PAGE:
?Basecamp Becomes the Latest Tech Company To Ban Talking Politics at Work,? by Liz Wolfe at Reason.

?Fundamentally, this is a story about power,? in Johnathan Nightingale?s newsletter.

?Breaking Camp,? by Casey Newton at The Verge.

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The Great Debate of 2021: WFH or RTO?

You might be someone who has spent a majority of the past year working from home. A survey from October 2020 found 71 percent of American workers turned their apartments into office spaces. But starting this fall, companies are opening up their offices again. The C.E.O. of Morgan Stanley made it clear that its employees have to be back by September. Amazon is hoping for the same.

But is returning to in-office work the right move for everyone?

Over the next three weeks, we?re going to be focusing on what work could and should look like as we begin to emerge from the pandemic. This week, Jane Coaston is joined by Sean Bisceglia, the C.E.O. of Curion, a consumer insights company, and Anne Helen Petersen, the writer of the newsletter ?Culture Study? and the author of ?Can?t Even: How Millennials Became the Burnout Generation,? to debate the pros and cons of returning to the office.

Mentioned in this episode:

Sean Bisceglia?s interview with CNN: ?Why Some Companies Want Everyone Back in the Office?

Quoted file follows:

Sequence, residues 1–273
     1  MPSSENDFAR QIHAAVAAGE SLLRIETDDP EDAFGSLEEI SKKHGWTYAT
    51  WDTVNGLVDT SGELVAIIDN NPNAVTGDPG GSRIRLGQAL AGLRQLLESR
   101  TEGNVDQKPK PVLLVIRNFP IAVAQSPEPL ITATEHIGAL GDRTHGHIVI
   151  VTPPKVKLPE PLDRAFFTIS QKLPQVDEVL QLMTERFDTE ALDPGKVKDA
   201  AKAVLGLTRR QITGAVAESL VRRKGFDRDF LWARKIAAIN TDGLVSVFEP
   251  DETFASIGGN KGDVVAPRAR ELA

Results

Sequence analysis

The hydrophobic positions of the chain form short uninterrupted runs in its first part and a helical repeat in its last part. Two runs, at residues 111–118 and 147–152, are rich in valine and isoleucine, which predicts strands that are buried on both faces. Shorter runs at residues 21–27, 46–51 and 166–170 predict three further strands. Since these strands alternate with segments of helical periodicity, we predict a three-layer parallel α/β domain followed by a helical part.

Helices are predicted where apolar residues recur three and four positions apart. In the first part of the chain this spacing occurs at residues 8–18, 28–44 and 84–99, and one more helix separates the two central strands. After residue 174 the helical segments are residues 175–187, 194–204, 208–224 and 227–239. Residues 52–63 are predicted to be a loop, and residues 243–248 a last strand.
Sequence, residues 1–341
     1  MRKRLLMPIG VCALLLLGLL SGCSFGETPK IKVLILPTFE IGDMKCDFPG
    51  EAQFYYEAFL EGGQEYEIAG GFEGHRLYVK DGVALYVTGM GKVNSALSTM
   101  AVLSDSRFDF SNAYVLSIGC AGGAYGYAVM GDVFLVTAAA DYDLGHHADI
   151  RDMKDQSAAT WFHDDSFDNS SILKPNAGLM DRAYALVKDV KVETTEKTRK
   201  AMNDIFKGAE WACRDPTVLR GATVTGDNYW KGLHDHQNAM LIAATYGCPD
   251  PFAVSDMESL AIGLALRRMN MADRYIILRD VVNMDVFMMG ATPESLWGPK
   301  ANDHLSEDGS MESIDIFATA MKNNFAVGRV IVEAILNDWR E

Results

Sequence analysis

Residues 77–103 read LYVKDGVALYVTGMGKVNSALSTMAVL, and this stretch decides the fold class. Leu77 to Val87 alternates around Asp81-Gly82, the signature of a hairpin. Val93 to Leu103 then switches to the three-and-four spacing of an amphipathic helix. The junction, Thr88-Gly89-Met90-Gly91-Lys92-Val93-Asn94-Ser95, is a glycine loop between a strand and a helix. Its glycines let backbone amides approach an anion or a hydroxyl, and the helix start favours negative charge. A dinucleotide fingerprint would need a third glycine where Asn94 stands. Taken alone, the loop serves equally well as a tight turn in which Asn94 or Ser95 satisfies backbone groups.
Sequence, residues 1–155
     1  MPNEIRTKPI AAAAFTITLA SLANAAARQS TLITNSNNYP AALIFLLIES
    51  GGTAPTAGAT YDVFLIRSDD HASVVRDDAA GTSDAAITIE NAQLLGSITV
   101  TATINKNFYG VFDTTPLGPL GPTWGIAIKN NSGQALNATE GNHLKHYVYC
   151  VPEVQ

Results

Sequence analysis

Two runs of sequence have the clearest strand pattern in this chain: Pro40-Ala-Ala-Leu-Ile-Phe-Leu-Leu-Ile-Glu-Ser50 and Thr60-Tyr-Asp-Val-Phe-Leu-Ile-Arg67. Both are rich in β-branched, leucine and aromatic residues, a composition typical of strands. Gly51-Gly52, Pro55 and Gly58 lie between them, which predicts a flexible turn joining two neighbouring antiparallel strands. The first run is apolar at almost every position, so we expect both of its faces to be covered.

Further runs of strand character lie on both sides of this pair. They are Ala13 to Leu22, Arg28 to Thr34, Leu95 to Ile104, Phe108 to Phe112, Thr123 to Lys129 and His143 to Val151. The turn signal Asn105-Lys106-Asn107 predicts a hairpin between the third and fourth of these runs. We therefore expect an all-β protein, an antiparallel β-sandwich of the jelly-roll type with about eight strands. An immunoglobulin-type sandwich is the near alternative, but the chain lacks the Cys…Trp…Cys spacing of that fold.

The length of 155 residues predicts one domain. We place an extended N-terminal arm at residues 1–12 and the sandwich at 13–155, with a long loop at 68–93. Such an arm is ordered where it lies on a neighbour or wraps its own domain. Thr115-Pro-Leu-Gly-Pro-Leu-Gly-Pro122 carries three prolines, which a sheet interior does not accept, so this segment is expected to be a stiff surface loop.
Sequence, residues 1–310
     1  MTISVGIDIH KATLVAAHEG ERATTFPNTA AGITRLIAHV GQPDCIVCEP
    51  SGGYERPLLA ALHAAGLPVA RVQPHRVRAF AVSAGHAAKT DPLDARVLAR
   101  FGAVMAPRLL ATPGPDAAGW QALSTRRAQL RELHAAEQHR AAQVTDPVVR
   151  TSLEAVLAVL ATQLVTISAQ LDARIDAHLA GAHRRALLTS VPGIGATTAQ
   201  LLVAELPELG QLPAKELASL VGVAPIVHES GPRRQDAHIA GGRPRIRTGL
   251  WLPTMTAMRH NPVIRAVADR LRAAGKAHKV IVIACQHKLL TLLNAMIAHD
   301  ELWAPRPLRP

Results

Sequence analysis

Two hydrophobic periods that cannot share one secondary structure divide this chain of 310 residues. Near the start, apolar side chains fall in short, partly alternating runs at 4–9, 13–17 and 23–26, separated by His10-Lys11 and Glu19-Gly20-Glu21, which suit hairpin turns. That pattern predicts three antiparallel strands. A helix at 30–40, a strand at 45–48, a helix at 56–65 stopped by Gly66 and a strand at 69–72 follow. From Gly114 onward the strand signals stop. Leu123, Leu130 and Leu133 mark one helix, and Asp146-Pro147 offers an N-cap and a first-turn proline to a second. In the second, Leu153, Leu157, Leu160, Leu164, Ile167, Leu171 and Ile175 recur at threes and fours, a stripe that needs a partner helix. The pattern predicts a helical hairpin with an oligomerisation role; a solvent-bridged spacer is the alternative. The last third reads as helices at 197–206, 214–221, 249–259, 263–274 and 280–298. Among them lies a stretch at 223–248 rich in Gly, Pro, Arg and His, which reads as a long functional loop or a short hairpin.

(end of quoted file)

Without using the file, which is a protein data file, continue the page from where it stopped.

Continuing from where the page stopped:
?Imagine Your Flexible Office Work Future,? by Anne Helen Petersen

The Slate podcast episode of ?What Next: TBD?: So, What Happens to WFH Now?

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No, But Really. Should We Contact Aliens?

With the U.S. government puzzling over U.F.O.s, and potentially habitable exoplanets in our telescopes, earthlings are closer than ever to finding other intelligent life in the universe. So the existential question is: Should we try to communicate with whatever we think might be out there?

That?s the argument this week between Douglas Vakoch and Michio Kaku. Vakoch, the president of the research and educational nonprofit METI (Messaging Extraterrestrial Intelligence) International, has dedicated his life?s work to intentionally broadcasting messages beyond our solar system.

Kaku, a professor of theoretical physics at the City College of New York and a co-founder of string field theory, thinks reaching out to unknown aliens is a catastrophically bad idea and ?would be the biggest mistake in human history.?

Together, they join Jane  to debate the question of making first contact and our place in the cosmos.

Mentioned in this episode:

Adam Mann, The New Yorker: ?Intelligent Ways to Search for Extraterrestrials?

Gideon Lewis-Kraus, The New Yorker: ?How the Pentagon Started Taking U.F.O.s Seriously?

Arik Kershenbaum, The Wall Street Journal, ?Alien Languages May Not Be Entirely Alien to Us?

?Star Trek: The Next Generation,? Season 4, Episode 15: ?First Contact? (Netflix)

The Ezra Klein Show: ?Obama Explains How America Went From ?Yes We Can? to ?MAGA??

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Joe Biden and the Communion Wars

Could the Catholic Church pressure a politician into changing his or her stance on abortion? A debate has erupted in the Catholic community over whether a politician, like President Joe Biden, should be denied communion for supporting abortion rights.